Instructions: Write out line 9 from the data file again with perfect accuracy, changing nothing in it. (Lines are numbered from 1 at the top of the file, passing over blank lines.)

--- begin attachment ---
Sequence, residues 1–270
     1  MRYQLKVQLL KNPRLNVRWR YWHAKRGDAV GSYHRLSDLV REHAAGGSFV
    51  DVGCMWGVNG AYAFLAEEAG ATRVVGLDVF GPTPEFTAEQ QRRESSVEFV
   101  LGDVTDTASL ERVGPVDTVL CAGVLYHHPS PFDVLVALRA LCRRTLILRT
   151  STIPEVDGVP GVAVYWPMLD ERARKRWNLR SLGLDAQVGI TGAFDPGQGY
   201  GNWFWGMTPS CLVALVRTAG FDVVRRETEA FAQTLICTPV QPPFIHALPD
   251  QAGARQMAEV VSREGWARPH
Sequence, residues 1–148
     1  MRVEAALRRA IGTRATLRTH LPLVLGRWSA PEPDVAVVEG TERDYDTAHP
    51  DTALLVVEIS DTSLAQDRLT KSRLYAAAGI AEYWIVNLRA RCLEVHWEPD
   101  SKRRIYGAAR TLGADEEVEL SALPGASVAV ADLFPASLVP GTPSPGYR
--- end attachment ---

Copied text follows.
     1  MRVEAALRRA IGTRATLRTH LPLVLGRWSA PEPDVAVVEG TERDYDTAHP